Russia, Ukraine Launch Criminal Investigations Over Mass Killings
By Stefan J. Bos, Chief International Correspondent Worthy News
KYIV/MOSCOW (Worthy News) – Russian and Ukrainian authorities say they have launched criminal investigations into strikes that reportedly killed at least 40 Ukrainian prisoners of war at a pre-trial detention center in eastern Ukraine. The attacks overshadowed attempts by Ukraine to begin exporting grain to hungry nations.
The prison in Yelenovka where the attack occurred was housing Ukrainian service personnel who had been there since the fall of the coastal city of Mariupol.
Russian authorities suggested they were targeted to prevent them from testifying against Kyiv in a war crimes trial or deterring other Ukrainian armed forces from surrendering.
However, Ukraine’s foreign minister, Dmytro Kuleba, has accused Russia of a “petrifying war crime” over the killings and called on world leaders to “recognize Russia as a terrorist state.”
Authorities also said Saturday that new Russian strikes on Ukraine’s frontlines left one person dead in the southern city of Mykolaiv and hit a school in the northeastern city of Kharkiv. Earlier, at least five people were reportedly killed and several injured in a strike on a bus stop in Mykolaiv.
But the Ukrainian military said it would not give up the fight. It claimed to have killed scores of Russian soldiers while destroying two ammunition dumps in the southern Kherson region, the focus of Kyiv’s counter-offensive.
CRITICAL RAILWAY LINK
Kyiv said its army also destroyed a critical railway link in the area, further isolating Russian forces. The fighting overshadowed attempts to start resuming grain exports.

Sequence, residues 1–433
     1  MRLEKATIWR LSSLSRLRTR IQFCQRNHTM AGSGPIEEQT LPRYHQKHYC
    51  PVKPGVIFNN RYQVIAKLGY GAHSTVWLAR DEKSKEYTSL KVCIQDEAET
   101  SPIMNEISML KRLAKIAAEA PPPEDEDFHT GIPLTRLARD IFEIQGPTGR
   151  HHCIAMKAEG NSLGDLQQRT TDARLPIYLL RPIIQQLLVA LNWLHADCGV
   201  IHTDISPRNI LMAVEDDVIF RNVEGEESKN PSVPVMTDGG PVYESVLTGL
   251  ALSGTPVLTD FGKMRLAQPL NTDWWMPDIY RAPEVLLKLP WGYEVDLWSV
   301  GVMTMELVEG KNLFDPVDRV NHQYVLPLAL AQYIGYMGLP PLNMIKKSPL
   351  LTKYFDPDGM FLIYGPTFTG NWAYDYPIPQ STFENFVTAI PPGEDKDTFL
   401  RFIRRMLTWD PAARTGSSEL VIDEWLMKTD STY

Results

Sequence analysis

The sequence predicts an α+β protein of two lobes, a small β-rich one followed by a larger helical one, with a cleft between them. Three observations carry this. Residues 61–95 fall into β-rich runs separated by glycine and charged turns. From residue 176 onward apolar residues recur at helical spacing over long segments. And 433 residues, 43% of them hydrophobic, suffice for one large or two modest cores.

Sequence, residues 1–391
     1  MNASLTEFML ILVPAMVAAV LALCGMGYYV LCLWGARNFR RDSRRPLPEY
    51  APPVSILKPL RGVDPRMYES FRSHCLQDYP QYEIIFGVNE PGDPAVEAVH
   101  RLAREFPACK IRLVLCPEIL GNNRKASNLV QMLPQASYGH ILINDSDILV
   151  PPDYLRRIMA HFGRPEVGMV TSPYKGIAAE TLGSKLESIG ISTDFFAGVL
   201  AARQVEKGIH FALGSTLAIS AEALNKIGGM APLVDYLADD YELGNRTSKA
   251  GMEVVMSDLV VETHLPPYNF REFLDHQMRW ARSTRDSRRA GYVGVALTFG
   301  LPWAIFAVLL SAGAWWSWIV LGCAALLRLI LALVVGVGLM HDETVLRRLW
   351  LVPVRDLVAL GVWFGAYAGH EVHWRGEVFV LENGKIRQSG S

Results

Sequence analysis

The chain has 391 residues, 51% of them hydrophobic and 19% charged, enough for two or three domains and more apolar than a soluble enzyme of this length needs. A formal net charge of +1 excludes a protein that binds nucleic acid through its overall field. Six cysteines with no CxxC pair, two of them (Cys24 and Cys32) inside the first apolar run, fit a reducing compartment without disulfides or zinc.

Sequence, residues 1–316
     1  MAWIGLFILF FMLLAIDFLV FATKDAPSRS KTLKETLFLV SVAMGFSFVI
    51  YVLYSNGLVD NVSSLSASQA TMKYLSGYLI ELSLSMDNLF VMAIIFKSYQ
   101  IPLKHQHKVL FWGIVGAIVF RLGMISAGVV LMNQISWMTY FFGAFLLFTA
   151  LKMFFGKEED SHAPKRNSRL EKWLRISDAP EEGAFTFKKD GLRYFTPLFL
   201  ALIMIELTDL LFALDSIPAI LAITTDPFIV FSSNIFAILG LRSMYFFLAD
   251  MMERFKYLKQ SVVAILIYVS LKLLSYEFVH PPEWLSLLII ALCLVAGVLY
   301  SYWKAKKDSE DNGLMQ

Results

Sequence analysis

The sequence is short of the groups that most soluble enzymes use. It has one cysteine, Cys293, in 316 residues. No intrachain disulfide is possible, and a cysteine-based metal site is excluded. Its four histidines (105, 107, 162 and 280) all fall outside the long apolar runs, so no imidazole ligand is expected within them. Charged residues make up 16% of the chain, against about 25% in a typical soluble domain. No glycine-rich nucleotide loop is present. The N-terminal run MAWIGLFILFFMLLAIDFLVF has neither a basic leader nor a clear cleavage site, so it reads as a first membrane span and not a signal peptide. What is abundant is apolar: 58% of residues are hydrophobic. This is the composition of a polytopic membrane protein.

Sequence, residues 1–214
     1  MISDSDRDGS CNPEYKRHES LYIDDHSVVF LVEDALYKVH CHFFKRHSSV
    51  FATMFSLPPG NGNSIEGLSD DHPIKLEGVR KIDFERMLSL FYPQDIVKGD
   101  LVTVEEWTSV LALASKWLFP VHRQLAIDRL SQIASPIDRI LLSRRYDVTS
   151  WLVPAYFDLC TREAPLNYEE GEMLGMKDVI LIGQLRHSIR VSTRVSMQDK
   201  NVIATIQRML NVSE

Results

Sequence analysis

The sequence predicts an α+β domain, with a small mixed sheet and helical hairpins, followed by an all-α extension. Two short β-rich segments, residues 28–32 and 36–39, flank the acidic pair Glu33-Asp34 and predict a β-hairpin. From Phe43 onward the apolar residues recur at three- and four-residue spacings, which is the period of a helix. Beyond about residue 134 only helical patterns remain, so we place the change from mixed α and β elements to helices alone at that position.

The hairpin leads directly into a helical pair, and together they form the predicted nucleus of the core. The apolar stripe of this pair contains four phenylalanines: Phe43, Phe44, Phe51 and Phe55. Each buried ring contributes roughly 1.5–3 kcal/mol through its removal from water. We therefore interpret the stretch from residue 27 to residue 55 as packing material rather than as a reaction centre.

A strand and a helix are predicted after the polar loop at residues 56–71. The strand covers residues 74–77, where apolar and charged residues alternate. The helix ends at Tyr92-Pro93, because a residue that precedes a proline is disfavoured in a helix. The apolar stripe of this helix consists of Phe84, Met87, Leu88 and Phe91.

Ukraine’s president, Volodymyr Zelensky, visited Chornomorsk, a port in the south Odesa region, to meet with the representatives and watch preparations for the shipments.
He said the country is ready to begin exporting grain from its Black Sea ports but is waiting for the go-ahead from the United Nations and Turkey, which brokered a deal with Russia to allow Ukrainian ships safe passage.
“We hope this grain export will start. If so, we hope everyone keeps their promises and guarantees,” stressed.
“We hope both the vessels and the people will be safe. The people involved are risking their lives as we don’t know the outcome of this process. However, we know with whom we have to deal, Russia,” Zelensky added.
But clashes seem to undermine these efforts. The U.S. ambassador to the United Nations said there should no longer be any doubt that Russia intended to dismantle Ukraine. And Moscow also retaliated against Western sanctions over the war. On Saturday, Russia’s energy giant Gazprom suspended gas supplies to Latvia following tensions between Moscow and the west over the conflict in Ukraine.
The company already drastically cut gas deliveries to Europe via the Nord Stream pipeline this week to about 20 percent of its capacity. European Union states have accused Russia of using energy as a weapon, though Moscow blamed the capacity issues on maintenance and Western actions.
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